by Geno Thackara
After a summer of bouncing around from studio to backyard to church hall, Philly’s floating Sofar Sounds program was back to its normal habitat (as much as that’s ever the case) on Friday night, bringing a mix of new and familiar faces into a cozy living room to share something special up close. It was basically the kind of cozy you get from fitting six people into a five-seat car, but that’s all part of the intimate experience. It’s a program that’s always inviting and continually digging up fascinating things to offer each month.
For starters, it was a great surprise for an Old Crow Medicine Show fan to walk in and see the name Gill Landry at the top of the list. He’s been nicely keeping active since leaving that band earlier this year and touring behind his third solo album, so it seems natural enough that he’d pop in for a small unplugged stop on his evening off before appearing Saturday at Union Transfer. His rich singing and smooth fingerpicking took us right down to his old busking ground of New Orleans for a short and sweet 25-minute opener. Maybe I should really say short and bittersweet, as he admitted that virtually every song was about women and relationships gone wrong. “Sorry to start out on a such a down note,” he apologized partway through. “I don’t have any up notes.” Nobody seemed to mind.
Local band Lou (errr, interesting name to choose in the search-engine age, guys) broke from the pattern only a little. Their singer/mastermind Tess Emma estimated that they had exactly one happy song, and even that was called “Devil’s Doo-Wop.” But it’s not really downbeat so much as quiet and thoughtful. It’s coffeehouse folk that coasts easily on smooth voices (Emma’s is especially smoky) and inviting harmonies. Even with some laid-back drumming, they kept their easygoing late-night sound soft enough that it mixed perfectly with the sidewalk traffic and street noise just outside the windows.
Apparently the real up notes were being saved for the second half of the show. I don’t know what the full Kennan Moving Company experience is like, but it must be a big loud party if Oliver Kennan’s solo performance is anything to go by. The rest of the band couldn’t make it – it wouldn’t have surprised me if they were just stuck futilely looking for Center City parking all night long – but their frontman handily rocked the place by himself. He could have had the whole room dancing if it was a bigger room. As it was, he settled for a few fun catchy indie-poppy tunes before letting the group choose an audience singalong. I was rooting for the Over the Rhine song that almost got picked first, but the room changed its mind the moment he mentioned Taylor Swift. Well, I suppose nothing else really would have stood a chance. He and “Blank Space” left everyone with nothing but smiles and laughter all around.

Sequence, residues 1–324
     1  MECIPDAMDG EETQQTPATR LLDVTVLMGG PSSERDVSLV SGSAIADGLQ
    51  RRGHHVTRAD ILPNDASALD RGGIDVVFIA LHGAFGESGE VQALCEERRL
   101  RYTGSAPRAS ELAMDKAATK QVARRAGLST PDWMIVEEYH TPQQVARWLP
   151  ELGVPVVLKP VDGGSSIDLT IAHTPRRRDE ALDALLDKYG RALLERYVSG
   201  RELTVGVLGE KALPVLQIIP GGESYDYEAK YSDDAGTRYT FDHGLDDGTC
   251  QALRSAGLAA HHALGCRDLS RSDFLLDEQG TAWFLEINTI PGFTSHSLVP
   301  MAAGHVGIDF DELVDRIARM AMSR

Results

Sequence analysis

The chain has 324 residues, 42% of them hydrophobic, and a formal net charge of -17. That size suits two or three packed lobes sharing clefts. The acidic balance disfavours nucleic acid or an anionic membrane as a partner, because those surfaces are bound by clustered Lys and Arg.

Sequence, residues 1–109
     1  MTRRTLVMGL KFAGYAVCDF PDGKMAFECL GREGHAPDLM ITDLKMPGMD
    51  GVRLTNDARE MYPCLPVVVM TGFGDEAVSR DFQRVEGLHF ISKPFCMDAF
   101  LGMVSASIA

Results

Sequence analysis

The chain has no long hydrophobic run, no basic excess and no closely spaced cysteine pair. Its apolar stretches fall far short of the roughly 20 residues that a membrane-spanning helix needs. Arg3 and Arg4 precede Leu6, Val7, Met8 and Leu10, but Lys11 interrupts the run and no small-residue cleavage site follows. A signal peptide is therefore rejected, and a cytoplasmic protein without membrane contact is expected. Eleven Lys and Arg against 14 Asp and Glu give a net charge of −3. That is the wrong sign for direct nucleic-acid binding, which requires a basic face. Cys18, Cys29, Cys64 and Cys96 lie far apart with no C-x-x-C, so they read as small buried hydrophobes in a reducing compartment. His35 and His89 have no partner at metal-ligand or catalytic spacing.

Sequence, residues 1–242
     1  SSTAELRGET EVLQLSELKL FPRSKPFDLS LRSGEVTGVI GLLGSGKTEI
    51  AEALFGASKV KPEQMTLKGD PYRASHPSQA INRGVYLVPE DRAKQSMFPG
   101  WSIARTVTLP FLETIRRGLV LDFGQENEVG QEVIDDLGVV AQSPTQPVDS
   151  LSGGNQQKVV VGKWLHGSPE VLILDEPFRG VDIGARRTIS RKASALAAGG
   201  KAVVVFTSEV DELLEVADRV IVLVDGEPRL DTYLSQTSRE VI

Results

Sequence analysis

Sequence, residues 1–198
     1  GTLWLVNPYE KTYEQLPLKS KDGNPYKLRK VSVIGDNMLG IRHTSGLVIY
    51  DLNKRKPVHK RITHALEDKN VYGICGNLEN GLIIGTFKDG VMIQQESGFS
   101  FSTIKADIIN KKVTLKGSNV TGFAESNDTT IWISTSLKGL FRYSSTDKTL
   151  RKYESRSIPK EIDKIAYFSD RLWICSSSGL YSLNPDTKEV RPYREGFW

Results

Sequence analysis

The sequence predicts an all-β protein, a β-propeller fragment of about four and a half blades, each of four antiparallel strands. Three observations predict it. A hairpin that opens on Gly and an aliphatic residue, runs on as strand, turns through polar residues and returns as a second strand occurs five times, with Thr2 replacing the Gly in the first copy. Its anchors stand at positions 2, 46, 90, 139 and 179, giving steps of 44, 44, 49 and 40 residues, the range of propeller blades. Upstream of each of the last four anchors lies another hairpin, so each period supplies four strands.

It was a beautifully eclectic set to round things off when Tall Heights came along, fresh off the release their newest EP Holding On, Holding Out – and when I say fresh, I mean it was the day of release. “It’s sort of fitting that we’re playing unplugged in somebody’s living room for a bunch of people who have no idea who we are. Maybe we should do this for every release,” guitarist Tim Harrington murmured while announcing the fact. It would be an appropriate tradition for a duo that got their start busking in a public market. With guitar, cello and voice harmonies verging on sublime, their songs could be rooted in the American south or the folk traditions of Europe. And as compelling as that is already, the EP and their more recent shows have added some drums and electronic beats. It’s quite a blend to pull off, but these guys make it sound like the most natural thing in the world.
While passing the hat (these shows run on donations – as artist-direct as it possibly gets), one of the team mentioned that the next show will be to celebrate Sofar Philly’s fourth anniversary. There’s no telling what else is up their sleeve, but we can find out on November 13th.